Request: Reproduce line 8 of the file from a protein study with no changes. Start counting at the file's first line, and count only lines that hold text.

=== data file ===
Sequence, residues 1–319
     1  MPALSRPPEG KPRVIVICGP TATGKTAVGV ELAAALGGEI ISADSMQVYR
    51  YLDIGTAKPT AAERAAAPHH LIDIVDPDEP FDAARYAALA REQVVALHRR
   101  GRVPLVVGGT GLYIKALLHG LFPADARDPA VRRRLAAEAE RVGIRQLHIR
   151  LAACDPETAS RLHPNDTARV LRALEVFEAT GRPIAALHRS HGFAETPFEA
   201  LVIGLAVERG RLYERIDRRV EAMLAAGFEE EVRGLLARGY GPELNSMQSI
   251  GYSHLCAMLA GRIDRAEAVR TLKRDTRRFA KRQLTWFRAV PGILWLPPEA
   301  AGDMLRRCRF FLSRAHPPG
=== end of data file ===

   301  AGDMLRRCRF FLSRAHPPG